surviving for many years in the middle of the flavor and fragrance pack,’’ one industry observer
declared, ‘‘Bush Boake Allen is finally ready to play with the big boys.’’4
The Flavor and Fragrance Industry
Who could not be interested in this industry? I can’t imagine a more interesting line of work. It’s about
food, flavors, and physical attraction from drosophila to moths to humans. It’s about everything that makes the
world go around! But scents are subtle… with ingredients that may work in parts per billion concentrations we
can certainly concoct a nearly infinite variety of flavors and scents.
—–Julian Boyden, CEO, Bush Boake Allen
BBA operated in a field of over 300 competitors worldwide. Only a tenth of these, however, had
significant multinational operations. Leading the industry was the US firm International Flavors and
Fragrances (IFF), at three times the size of BBA, followed by the Swiss firm Givaudan Roure. The top
nine global companies accounted for over three-fourths of this $11 billion world market (see Exhibit
5). Although BBA enjoyed membership in this elite club, it held only about 4.7% world market share
in 1999.
The worldwide flavor and fragrance industry was split about evenly between flavors and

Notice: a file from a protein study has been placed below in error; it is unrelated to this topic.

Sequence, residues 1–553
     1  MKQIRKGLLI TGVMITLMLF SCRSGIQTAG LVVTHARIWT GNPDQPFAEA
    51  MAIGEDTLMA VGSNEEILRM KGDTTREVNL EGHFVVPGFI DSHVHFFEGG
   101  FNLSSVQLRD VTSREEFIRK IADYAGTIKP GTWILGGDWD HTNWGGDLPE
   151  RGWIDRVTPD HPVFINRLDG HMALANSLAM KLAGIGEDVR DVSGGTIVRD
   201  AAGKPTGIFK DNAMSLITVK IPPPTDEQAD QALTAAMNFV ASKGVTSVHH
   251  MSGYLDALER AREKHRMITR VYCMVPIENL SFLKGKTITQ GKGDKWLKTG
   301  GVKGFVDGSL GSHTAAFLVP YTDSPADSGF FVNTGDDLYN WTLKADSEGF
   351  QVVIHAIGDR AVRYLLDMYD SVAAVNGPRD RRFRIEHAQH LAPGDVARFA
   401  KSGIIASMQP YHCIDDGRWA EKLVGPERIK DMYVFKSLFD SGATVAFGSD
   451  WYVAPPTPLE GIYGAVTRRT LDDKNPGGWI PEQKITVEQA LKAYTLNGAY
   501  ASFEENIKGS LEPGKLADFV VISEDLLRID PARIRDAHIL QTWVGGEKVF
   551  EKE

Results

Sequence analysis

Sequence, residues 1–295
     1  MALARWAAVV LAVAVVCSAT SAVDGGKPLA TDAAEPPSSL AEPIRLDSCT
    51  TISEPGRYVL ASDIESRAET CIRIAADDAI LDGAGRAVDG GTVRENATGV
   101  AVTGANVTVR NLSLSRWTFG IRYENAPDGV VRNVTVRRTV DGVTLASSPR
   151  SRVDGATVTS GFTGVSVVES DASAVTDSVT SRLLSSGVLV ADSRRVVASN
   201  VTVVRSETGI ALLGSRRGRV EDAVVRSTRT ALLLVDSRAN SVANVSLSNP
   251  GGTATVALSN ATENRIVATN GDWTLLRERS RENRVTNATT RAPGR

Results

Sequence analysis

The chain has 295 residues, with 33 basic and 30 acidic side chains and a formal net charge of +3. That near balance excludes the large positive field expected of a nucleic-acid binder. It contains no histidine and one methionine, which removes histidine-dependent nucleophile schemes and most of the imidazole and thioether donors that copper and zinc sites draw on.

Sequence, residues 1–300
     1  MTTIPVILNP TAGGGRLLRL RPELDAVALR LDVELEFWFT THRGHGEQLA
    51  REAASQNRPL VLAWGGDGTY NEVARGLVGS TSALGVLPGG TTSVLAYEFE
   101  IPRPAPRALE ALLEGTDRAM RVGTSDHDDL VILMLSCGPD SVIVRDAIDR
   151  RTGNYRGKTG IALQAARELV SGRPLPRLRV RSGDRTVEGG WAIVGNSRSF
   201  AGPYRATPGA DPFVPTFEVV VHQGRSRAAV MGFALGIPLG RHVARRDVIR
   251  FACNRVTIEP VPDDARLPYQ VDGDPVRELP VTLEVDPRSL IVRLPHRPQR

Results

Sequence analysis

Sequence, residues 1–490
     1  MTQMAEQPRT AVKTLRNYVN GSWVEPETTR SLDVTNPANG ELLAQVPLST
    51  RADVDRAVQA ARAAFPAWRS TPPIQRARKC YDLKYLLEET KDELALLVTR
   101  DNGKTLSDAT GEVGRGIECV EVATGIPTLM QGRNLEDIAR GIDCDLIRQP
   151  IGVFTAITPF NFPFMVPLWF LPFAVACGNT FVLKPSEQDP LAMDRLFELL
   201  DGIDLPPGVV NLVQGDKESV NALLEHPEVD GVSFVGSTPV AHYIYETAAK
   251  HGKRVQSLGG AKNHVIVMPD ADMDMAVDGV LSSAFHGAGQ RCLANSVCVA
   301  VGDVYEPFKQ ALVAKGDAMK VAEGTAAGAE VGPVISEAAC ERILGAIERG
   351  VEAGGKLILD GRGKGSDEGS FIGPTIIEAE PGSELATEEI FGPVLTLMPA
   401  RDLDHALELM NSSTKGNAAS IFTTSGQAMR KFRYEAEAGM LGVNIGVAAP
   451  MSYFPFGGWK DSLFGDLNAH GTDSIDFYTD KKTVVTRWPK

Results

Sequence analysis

fragrances. The three dominating regions in order of decreasing market share were North America,
Western Europe, and Asian Pacific. In the setting of a worldwide annual growth rate in the late 1990s
of 3.2% for flavors and of 2.5% for fragrances, an industry journal noted, ‘‘One thing is sure: flavor
and fragrance companies can still grow but just not as fast as they would like.’’5
In India, whose 8% to 9% annual growth led the world, BBA enjoyed a 30% market share by
capitalizing on relationships established since British colonial times. According to Bruce Edwards,
vice president of International, ‘‘The average candy consumption in the United States is 20 kg/year
per person; in India it is 20 g/year. In fact, there are kids in places like India or even Russia who
have yet to taste their first candy. So the third world is a burgeoning market!’’
But to grow in such markets took great effort; simply producing basic flavors and arranging for
distribution proved challenging. ‘‘In India, they’re still struggling with issues such as not having
uninterrupted electricity,’’ Gordon-Wright pointed out. ‘‘In Pakistan, it’s hard weaning Pakistanis off
old flavors and onto new flavors. They’re the only ones left using some of our older flavors! Even in
Eastern Europe, where flavor development was done traditionally by the government, you end up
doing product demos right on corners of their desks!’’ To add to the challenge, competitors also
sought footholds in markets like India, often luring away local managers trained by BBA.
All flavors produced worldwide were subject to regulation by equivalents of the U.S. Food and
Drug Administration, and other state and local regulatory agencies. In some countries, one also
needed to register all samples with the government——just because two or three ingredients were safe
did not mean that combining them would prove safe. Complying with these regulations, however,